Sun, Feb 21, 2016 - Page 5 News List

Ugandan protesters beaten amid vote counting

‘DISPROPORTIONATE POLICE ACTION’:Police briefly detained the main opposition candidate, drawing US condemnation, even as the incumbent widely led the polls


As election returns showed a strong, early lead on Friday for incumbent Ugandan President Yoweri Museveni, the longtime leader’s security forces briefly detained the main opposition candidate and cracked down on protesters with beatings, tear gas and stun grenades.

The actions were condemned by the US, which gives financial support to the East African nation and helps train its military.

Thursday’s vote was extended for a second day in two main districts because ballots and other election materials had not arrived in time.

Museveni, who has ruled Uganda for three decades, led in the returns, but votes remained to be cast and counted in strongholds for opposition leader Kizza Besigye.

With results counted from about 47 percent of polling stations across the country, Museveni had about 63 percent of the vote and Besigye had about 33 percent, the election commission said.

Final results were expected yesterday.

Police surrounded the headquarters of Besigye’s Forum for Democratic Change (FDC) party as he met with party members, and a helicopter fired tear gas at a crowd outside.

Then police moved in and took Besigye, a 59-year-old doctor, to an unknown location, according to Semujju Nganda, a party spokesman.

Police spokesman Fred Enanga said Besigye was transferred for his own safety and because police wanted to urge him “to exercise restraint until the final results are announced.”

Besigye was driven to his home and his movements are not restricted, he said.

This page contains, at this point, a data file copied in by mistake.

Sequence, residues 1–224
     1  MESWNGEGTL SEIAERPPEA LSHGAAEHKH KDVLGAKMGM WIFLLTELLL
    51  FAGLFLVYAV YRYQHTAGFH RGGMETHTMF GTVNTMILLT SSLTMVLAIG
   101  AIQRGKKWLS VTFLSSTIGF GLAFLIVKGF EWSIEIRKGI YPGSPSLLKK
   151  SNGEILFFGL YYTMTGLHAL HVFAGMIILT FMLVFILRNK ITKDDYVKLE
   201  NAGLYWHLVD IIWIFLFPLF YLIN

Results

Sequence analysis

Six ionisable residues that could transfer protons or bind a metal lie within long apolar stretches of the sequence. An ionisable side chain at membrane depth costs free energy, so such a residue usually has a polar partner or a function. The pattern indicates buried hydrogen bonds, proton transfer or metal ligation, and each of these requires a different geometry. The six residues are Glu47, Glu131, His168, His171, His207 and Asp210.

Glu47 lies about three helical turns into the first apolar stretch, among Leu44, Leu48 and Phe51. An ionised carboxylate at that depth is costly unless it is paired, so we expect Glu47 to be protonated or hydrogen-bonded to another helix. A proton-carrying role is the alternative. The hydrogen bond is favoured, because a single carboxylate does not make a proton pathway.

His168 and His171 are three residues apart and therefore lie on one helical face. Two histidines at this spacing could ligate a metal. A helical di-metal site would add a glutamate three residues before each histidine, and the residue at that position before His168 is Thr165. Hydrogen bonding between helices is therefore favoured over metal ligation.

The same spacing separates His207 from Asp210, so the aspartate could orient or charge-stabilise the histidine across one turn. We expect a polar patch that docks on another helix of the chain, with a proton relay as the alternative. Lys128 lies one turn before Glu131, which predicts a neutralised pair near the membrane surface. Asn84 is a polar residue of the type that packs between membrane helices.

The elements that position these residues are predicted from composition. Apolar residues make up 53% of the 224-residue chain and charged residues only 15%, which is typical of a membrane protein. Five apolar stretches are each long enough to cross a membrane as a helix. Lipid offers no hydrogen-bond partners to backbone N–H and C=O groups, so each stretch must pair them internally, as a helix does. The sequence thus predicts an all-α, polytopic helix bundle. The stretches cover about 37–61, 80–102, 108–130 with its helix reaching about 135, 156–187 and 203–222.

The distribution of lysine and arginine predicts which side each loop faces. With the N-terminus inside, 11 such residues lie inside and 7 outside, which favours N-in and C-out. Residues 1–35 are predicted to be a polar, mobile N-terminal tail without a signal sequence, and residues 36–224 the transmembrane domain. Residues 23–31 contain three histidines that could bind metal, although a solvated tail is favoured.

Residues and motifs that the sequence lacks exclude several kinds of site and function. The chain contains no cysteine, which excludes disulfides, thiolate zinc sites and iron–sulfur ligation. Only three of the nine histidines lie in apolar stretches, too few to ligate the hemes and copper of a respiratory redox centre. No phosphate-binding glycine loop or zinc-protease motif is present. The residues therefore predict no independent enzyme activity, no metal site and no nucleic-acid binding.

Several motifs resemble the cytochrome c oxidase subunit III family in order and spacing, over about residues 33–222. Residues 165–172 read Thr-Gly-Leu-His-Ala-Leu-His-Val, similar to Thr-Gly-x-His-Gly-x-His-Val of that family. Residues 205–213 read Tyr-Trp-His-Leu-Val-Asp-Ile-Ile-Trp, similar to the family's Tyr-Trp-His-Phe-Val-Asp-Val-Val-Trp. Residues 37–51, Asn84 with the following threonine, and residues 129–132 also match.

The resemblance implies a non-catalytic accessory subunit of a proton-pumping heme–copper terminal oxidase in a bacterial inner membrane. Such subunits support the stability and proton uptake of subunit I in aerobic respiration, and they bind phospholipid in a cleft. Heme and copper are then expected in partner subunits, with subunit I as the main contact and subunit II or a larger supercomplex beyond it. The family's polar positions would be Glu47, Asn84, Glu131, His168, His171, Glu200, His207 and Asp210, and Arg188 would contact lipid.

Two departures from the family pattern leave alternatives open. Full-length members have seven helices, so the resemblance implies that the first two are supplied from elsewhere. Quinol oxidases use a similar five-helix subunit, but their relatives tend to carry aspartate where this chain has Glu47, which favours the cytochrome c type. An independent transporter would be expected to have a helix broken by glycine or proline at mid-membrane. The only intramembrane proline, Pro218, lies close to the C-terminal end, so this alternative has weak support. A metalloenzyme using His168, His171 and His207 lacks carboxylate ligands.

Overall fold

US Secretary of State John Kerry spoke by telephone with Museveni “to underscore that Uganda’s progress depends on adherence to democratic principles in the ongoing election process,” the US Department of State said.

Kerry “expressed his concern about the detentions of ... Besigye and harassment of opposition party members during voting and tallying, and urged President Museveni to rein in the police and security forces.”

The US embassy said on Twitter: “We strongly condemn the disproportionate police action taken today at FDC HQ in Kampala.”

After Besigye’s arrest, his supporters took to the streets. Riot police lobbed tear gas and stun grenades at them and fired warning shots from automatic rifles, then chased them through narrow alleys, arresting some. Armored personnel carriers rumbled up and down Kampala’s main street. A woman and her children fled on a motorbike.

In nearby poor neighborhoods, people set up burning barricades, which riot police and military police quickly took down. Angry protesters also built barricades of stones on the highway leading to the international airport. Police fired tear gas and hit protesters with sticks.

The raid represented a “restriction on the rights to freedom of association and peaceful assembly,” Amnesty International regional director Muthoni Wanyeki said. “The security forces must act with restraint.”

UN Secretary-General Ban Ki-moon expressed concern over the reports of “detentions and violence,” and trusts that “the authorities and all stakeholders will ensure that the fundamental rights and the will of the people of Uganda be respected,” spokesman Stephane Dujarric said.

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